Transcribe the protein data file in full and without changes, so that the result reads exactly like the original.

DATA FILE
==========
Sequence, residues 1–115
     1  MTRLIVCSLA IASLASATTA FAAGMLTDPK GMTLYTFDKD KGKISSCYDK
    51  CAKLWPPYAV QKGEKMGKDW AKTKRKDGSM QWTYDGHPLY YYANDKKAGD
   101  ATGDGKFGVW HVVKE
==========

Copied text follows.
Sequence, residues 1–115
     1  MTRLIVCSLA IASLASATTA FAAGMLTDPK GMTLYTFDKD KGKISSCYDK
    51  CAKLWPPYAV QKGEKMGKDW AKTKRKDGSM QWTYDGHPLY YYANDKKAGD
   101  ATGDGKFGVW HVVKE